With respect to the Motion for Sanctions, Glory Wealth claimed that FBP failed to comply with the Discovery Order and cited six categories of requested discovery that FBP had not produced in violation of the Discovery Order:

1. Corporate Records. ECF Nos. 324 at 7-9;
2. Emails Sent or Received by Victor Baransky. Id. at 9-10;
3. Supporting Documentation for Bank Records. Id. at 10-11;
4. Attachment to the Loan Agreement Between Sea Traffic Shipping Co. and FBP. Id. at 11-12;
5. Charters for the M/V CAPE VIEWER and HARMONY FALCON. Id. at 12-13; and
6. Documents from Industrial Carriers Inc. (" ICI"). Id. at 13.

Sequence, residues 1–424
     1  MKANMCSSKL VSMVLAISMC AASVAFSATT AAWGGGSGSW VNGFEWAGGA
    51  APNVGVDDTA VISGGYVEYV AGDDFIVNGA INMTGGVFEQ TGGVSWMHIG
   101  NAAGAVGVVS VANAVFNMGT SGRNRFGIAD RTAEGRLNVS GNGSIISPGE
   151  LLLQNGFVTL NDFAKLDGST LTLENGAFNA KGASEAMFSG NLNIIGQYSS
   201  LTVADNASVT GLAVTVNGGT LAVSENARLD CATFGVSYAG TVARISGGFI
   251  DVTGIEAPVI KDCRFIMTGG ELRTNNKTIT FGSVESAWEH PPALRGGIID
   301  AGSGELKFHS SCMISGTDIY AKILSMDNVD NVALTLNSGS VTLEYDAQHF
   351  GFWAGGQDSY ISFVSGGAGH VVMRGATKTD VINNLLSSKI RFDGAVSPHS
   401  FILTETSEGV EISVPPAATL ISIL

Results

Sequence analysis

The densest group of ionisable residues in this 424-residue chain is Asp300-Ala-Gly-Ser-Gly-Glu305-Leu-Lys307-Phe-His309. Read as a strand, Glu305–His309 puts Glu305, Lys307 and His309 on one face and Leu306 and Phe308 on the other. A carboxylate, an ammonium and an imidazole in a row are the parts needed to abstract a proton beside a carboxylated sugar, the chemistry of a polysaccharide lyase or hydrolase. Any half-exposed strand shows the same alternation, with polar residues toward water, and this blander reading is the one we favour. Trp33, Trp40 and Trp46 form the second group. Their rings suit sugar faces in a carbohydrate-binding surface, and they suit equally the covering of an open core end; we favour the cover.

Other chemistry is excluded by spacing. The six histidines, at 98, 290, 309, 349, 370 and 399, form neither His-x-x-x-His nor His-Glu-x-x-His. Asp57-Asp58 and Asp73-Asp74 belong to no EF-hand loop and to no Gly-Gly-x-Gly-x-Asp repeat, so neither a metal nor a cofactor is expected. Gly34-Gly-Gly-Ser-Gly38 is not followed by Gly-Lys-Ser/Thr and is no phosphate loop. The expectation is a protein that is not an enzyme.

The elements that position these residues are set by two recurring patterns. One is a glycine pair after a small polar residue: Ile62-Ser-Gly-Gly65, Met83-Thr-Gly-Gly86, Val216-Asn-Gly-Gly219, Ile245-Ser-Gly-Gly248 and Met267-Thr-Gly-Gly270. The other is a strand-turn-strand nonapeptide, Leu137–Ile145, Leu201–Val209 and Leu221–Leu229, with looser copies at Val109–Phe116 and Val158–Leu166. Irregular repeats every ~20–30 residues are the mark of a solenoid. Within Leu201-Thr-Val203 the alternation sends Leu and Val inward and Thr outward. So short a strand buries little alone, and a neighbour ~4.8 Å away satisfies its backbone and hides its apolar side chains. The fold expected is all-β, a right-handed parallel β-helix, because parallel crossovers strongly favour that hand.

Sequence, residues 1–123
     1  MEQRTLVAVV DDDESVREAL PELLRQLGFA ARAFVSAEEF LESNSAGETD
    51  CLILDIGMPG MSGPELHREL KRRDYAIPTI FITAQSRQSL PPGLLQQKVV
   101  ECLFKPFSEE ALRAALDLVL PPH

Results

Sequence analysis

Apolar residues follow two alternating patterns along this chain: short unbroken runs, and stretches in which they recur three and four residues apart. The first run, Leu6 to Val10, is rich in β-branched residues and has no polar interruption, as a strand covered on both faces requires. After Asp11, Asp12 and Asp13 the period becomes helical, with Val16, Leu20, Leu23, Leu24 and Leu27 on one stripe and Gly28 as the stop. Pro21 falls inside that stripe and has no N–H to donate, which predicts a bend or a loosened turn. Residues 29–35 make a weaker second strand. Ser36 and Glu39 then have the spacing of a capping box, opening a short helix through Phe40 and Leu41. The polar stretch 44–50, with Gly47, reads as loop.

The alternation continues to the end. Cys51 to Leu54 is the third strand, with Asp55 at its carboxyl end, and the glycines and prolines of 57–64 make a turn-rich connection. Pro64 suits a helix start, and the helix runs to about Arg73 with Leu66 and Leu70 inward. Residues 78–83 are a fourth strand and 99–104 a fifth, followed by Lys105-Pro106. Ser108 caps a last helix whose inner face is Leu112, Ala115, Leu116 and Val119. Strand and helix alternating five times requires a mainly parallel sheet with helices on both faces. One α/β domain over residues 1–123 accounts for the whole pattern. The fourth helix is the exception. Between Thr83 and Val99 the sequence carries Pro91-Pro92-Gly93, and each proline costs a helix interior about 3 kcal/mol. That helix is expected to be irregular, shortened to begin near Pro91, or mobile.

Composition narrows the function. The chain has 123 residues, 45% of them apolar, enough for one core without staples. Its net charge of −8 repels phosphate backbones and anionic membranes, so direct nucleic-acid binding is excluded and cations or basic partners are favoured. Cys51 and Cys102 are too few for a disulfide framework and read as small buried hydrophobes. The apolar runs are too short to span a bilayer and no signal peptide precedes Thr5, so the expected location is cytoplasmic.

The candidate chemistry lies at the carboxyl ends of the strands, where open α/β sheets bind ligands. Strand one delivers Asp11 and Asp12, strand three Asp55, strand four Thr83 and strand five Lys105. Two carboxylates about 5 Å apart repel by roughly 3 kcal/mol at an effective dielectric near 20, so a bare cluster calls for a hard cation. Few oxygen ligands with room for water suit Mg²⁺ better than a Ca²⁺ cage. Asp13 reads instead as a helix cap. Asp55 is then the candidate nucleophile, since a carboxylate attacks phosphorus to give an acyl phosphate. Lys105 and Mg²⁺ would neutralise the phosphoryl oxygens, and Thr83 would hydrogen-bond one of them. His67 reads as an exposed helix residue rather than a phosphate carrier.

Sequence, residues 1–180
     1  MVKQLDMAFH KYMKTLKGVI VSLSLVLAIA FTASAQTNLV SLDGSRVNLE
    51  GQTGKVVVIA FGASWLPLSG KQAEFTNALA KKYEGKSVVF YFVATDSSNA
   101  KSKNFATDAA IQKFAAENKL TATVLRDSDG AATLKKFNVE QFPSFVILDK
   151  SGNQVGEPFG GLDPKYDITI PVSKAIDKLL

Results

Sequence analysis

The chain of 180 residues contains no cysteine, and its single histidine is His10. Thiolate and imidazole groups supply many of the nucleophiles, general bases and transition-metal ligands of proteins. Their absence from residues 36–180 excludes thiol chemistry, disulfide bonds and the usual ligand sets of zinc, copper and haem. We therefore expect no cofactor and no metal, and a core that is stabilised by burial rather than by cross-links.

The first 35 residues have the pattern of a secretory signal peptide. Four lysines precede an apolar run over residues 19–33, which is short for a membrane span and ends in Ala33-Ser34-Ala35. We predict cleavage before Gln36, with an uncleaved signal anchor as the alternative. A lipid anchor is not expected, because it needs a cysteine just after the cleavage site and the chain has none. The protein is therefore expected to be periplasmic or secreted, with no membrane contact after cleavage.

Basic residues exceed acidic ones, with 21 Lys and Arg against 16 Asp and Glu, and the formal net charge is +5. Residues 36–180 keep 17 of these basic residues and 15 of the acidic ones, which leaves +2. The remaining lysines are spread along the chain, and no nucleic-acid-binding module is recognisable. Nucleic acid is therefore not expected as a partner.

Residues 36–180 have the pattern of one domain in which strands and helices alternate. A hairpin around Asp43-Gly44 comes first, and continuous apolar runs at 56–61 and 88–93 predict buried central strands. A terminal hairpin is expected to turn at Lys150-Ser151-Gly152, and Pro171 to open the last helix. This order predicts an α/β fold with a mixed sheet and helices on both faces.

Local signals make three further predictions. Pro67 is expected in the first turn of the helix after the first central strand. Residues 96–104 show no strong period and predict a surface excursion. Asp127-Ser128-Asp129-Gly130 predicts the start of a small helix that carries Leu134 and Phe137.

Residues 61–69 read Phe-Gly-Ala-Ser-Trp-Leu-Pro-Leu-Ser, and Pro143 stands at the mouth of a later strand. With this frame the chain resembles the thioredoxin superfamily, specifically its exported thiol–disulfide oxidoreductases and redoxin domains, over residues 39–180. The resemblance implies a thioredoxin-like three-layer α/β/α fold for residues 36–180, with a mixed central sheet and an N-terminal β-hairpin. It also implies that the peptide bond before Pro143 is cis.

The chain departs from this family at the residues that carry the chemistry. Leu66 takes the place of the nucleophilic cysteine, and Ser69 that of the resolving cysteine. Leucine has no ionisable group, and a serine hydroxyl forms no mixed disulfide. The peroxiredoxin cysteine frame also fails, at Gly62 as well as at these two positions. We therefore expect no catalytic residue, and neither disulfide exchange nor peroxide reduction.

Glory Wealth consequently sought sanctions for FBP's violations, including attorneys' fees and costs it incurred because of FBP's failure to obey the Court's Discovery Order. In its Sanction Order, the Court found that FBP did not violate the Court's Discovery Order in connection with its production of the supporting documentation for bank records, and the charter parties for the CAPE VIEWER and HARMONY FALCON, but that FBP did violate the Court's Discovery Order by failing to produce documents pertaining to ICI, including corporate records, and the attachment to the loan agreement between Sea Traffic and FBP evidencing the loan repayment terms. ECF No. 377 at 19. In addition, the Court found that FBP violated the Discovery Order by failing to produce, in a timely fashion, Viktor Baransky's emails and the attachments thereto. Id. Evaluating FBP's conduct under Rule 37(b)(2)(A) and the standards enunciated in Anderson v. Found, for Advancement, Educ. & Emp't of Am. Indians, 155 F.3d 500, 504 (4th Cir. 1998), the Court found that such conduct warranted the imposition of sanctions, including reasonable expenses incurred as a result of FBP's failure to obey the Court's Discovery Order. Id. at 19-24. Based on FBP's counsel's role in advising the disobedient party, the Court awarded Glory Wealth its reasonable expenses against both FBP and its attorneys. Id. at 24 n.12.